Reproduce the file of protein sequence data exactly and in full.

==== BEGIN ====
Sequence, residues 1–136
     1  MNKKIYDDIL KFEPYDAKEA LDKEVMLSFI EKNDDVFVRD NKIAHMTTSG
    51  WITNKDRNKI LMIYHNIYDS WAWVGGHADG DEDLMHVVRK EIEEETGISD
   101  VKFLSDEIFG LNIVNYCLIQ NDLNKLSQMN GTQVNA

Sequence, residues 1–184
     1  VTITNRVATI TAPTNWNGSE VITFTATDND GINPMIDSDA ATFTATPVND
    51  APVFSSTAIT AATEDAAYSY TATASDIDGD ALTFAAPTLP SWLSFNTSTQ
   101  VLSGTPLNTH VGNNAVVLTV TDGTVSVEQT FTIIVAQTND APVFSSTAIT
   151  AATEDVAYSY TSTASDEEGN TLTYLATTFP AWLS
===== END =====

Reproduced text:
Sequence, residues 1–136
     1  MNKKIYDDIL KFEPYDAKEA LDKEVMLSFI EKNDDVFVRD NKIAHMTTSG
    51  WITNKDRNKI LMIYHNIYDS WAWVGGHADG DEDLMHVVRK EIEEETGISD
   101  VKFLSDEIFG LNIVNYCLIQ NDLNKLSQMN GTQVNA

Sequence, residues 1–184
     1  VTITNRVATI TAPTNWNGSE VITFTATDND GINPMIDSDA ATFTATPVND
    51  APVFSSTAIT AATEDAAYSY TATASDIDGD ALTFAAPTLP SWLSFNTSTQ
   101  VLSGTPLNTH VGNNAVVLTV TDGTVSVEQT FTIIVAQTND APVFSSTAIT
   151  AATEDVAYSY TSTASDEEGN TLTYLATTFP AWLS